Sun Microsystems will begin building servers with one-time foe Microsoft’s Windows operating system installed directly on them, instead of forcing customers to install the ubiquitous software on their own or defect to a competitor for one-stop shopping.
The agreement announced on Wednesday is the latest twist in a truce the companies, once bitter rivals, hammered out in 2004, when Sun pocketed $1,95-billion in a settlement payout from Microsoft over antitrust and patent allegations, and both companies vowed to make their products work better together.
Sun will begin incorporating Microsoft’s Windows Server 2003 software on its so-called x64 servers, which are corporate computers that run on 64-bit microprocessors from Intel and Advanced Micro Devices. Servers are the computers in corporate data centres that process large amounts of data such as internet traffic or financial calculations.
The companies said in a joint statement that Sun’s machines with Windows pre-installed will be available within 90 days.
Although Sun customers have been able to run Microsoft’s operating system on Sun servers for several years, Sun would not install it in the factory. That left customers who wanted Windows in the lurch unless they wanted to install in on their own or already had licensing contracts with Microsoft, in which case Sun would install it.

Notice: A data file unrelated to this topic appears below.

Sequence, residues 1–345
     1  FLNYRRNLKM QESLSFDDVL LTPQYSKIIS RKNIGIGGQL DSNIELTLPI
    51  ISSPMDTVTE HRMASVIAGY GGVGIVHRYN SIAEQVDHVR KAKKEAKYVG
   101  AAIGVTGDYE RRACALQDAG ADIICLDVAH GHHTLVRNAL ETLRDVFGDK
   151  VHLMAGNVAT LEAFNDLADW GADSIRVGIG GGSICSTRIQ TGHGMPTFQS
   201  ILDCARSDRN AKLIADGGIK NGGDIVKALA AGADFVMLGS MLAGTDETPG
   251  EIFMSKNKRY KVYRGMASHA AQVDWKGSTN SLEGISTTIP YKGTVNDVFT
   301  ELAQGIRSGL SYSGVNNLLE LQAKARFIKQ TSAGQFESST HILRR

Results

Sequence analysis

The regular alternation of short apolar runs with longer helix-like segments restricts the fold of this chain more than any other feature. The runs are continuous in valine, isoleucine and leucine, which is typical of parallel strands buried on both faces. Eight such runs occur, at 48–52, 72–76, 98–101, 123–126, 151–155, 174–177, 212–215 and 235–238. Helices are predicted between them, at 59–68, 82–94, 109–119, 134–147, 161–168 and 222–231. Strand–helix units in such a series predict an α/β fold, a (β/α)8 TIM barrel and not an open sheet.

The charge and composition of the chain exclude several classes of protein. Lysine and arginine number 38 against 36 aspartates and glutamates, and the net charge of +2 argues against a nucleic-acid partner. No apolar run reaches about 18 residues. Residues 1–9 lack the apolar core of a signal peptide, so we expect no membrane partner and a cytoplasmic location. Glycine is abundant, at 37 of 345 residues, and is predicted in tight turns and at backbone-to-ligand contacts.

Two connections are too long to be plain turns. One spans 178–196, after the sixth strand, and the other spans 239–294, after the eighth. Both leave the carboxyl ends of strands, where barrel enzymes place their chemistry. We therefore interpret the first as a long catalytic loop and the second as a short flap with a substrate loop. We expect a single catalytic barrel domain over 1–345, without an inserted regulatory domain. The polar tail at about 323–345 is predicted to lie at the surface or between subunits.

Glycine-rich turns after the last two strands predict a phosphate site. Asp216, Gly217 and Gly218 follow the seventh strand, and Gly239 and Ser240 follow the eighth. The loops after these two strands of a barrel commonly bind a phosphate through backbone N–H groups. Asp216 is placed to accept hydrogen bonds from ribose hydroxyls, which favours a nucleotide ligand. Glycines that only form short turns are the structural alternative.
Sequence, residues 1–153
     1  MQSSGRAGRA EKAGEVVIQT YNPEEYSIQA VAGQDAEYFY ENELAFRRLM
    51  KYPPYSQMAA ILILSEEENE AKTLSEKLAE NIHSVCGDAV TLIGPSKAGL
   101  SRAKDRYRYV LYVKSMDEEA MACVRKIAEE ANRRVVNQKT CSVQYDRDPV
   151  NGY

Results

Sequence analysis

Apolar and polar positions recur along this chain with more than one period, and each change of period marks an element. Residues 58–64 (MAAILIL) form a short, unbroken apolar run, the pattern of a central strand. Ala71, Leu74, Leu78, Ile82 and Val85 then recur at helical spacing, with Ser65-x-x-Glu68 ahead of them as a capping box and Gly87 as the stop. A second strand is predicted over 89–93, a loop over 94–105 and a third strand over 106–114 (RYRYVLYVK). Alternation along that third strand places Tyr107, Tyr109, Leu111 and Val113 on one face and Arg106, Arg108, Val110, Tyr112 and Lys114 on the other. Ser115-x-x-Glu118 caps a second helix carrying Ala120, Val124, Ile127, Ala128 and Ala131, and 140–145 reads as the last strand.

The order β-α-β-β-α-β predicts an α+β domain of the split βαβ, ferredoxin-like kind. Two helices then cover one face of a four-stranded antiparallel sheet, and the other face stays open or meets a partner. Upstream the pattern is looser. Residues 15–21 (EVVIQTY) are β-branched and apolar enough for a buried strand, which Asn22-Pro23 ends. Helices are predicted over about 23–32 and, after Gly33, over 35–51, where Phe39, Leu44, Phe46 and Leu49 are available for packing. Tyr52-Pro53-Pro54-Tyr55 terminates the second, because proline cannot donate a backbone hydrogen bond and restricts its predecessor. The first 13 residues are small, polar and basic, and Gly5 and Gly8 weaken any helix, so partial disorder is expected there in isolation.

Microsoft, the world’s largest software company, stands to gain from the agreement because of Sun’s reach in the server world. Sun is the world’s number-three server seller with 13% of the worldwide market, behind IBM and Hewlett-Packard, according to the latest data from market researcher IDC.
The agreement includes a nod from Sun and Microsoft to the momentum surrounding so-called virtualisation technology, which allows computers to run more than one operating system, saving hardware and electricity costs while boosting the performance of giant, energy-sapping machines.
Sun and Microsoft vowed to make sure their respective operating systems worked well with one another’s virtualisation technologies, a commitment that could help both companies prosper from the trend toward data-centre consolidation and urgent efforts by technology managers to reduce energy costs.
The further embrace of Microsoft highlights Sun’s attempts to shed its image as that of a quarrelsome start-up that in the late 1990s was eager to pick public fights with big rivals. Instead, Sun is becoming a more restrained and inclusive company willing to forge alliances, including the announcement last month of a partnership with long-time rival IBM that will allow Sun’s Solaris operating system to run on IBM servers.
It’s a crucial element of Sun’s turnaround strategy, and a formula that Sun management said is necessary to ensure the company’s long-term financial success.
A darling during the dotcom heyday that has lost more than $5-billion since the crash, Sun is now broadening its product portfolio as it moves away from selling only proprietary software and servers.
Since then, the company has made its Solaris operating system and Java technology available for free on the internet.
Sun is hitching its rebound strategy in part to the growing open-source movement in hopes that it will sell more hardware and services as more companies and programmers start using Sun’s free technologies. — Sapa-AP